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TAATU 2022

2 Aug 2022 8:00 AM | Anonymous member (Administrator)

Olivia White is a Digital Preservation Archivist at Simcoe County Archives. Olivia completed her Master of Information and Master of Museum Studies at the University of Toronto. She is passionate about ensuring the stories within archival records can be preserved and shared far into the future.

The 15th annual Archives and Technology Unconference (TAATU) occurred via Zoom on June 14, co-chaired by Allie Querengesser and Andréa Tarnawsky. The event encourages anyone interested in IT and digital culture to contribute, as there is no minimum IT experience required. This was my second time attending the Unconference as a new professional, and I appreciated the breadth of resources shared during the conversations.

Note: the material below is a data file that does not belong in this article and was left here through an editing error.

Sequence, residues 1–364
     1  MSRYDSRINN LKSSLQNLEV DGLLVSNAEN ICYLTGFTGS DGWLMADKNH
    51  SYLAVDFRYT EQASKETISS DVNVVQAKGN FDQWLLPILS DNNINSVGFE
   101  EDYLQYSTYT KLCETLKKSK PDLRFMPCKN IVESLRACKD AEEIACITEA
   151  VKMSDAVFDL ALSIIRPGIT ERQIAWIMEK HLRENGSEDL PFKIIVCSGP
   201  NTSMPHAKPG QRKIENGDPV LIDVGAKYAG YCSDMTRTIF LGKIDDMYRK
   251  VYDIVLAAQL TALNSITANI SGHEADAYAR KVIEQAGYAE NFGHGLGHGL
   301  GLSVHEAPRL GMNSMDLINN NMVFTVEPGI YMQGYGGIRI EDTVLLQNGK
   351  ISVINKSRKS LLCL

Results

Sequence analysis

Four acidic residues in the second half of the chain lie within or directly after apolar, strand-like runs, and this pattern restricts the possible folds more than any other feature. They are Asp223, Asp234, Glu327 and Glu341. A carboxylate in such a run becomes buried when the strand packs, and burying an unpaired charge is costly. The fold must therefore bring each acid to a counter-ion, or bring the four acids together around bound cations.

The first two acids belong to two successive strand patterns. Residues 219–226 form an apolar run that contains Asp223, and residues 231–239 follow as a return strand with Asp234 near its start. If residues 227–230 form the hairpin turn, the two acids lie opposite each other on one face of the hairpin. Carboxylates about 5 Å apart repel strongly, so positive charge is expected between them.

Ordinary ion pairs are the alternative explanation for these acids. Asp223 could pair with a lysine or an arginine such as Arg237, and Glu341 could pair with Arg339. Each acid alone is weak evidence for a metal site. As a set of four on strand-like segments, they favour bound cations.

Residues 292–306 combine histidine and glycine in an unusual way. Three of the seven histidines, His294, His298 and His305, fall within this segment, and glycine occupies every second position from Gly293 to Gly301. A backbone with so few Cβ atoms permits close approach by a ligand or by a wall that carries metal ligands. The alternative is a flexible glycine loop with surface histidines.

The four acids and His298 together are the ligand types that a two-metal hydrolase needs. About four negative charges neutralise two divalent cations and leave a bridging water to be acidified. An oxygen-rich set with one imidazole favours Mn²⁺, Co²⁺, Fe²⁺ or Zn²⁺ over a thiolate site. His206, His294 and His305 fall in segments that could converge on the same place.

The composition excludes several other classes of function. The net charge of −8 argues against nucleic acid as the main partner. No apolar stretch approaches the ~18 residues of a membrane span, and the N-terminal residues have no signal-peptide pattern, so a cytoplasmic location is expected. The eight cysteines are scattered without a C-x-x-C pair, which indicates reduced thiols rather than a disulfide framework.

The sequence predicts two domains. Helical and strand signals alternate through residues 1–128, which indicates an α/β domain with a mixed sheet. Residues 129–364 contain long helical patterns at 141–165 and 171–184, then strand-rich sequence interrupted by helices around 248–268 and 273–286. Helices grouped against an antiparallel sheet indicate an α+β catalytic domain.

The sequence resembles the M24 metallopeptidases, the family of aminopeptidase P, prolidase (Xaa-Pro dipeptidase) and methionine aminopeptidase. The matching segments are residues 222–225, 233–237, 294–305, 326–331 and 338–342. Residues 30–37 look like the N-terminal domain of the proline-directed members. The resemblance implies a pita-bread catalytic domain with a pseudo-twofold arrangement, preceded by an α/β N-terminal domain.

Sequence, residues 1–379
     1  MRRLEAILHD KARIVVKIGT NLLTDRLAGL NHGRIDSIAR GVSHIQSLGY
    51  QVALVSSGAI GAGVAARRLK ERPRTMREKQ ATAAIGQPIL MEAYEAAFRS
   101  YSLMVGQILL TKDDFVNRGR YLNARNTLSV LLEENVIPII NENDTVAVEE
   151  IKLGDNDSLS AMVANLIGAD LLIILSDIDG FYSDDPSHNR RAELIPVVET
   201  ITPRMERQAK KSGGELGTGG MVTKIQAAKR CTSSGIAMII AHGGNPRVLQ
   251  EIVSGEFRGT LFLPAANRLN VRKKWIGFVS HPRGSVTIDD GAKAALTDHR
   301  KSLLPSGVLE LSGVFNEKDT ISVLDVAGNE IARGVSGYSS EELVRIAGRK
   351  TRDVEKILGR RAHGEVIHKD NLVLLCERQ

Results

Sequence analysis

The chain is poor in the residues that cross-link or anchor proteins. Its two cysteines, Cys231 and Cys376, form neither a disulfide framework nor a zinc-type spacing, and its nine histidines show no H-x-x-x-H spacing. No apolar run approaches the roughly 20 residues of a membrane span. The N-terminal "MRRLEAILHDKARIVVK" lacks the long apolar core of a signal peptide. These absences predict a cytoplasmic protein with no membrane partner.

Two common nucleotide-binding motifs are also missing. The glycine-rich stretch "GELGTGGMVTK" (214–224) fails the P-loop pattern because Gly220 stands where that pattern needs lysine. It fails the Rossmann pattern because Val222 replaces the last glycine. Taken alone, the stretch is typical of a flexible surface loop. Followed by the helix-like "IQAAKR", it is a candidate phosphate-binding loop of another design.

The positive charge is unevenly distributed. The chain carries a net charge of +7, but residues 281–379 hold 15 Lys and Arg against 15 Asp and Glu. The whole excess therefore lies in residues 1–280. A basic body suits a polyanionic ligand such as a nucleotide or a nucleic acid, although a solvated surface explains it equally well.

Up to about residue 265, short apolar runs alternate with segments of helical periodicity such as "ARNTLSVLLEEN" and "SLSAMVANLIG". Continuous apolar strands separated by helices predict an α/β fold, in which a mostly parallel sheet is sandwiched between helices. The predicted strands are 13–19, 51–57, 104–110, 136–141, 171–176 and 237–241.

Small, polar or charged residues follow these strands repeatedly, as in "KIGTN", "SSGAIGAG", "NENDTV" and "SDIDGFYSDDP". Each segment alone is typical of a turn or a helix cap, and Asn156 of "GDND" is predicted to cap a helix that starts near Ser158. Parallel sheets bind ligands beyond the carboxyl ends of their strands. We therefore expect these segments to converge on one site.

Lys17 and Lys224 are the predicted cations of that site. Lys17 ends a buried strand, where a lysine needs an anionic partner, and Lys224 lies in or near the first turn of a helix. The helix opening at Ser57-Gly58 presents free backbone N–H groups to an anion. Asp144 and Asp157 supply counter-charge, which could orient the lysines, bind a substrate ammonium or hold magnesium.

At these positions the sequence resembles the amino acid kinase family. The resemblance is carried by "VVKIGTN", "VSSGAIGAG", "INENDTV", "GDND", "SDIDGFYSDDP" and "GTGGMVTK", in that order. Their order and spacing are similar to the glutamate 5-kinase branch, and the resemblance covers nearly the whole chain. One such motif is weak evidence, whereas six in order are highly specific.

With about 45 people in attendance, the session began with an icebreaker on Slido, which asked “What are you looking forward to the most about this year’s ACA Conference?” The most common replies related to connecting with others, particularly in person, and learning and listening to the discussions.  


Figure 1: Screenshot of Icebreaker #1 on Slido, depicting a word cloud with participants’ responses

A second icebreaker on Slido occurred later in the event, asking participants “Which tech skill or knowledge would you most like to have or improve on?” Coding in scripting languages, such as Python, was the most selected answer. 
 

 

Figure 2: Screenshot of Icebreaker #2, depicting a ranking of participants' responses 

Lightning Talks

There were 9 five-minute lightning talks on a variety of topics.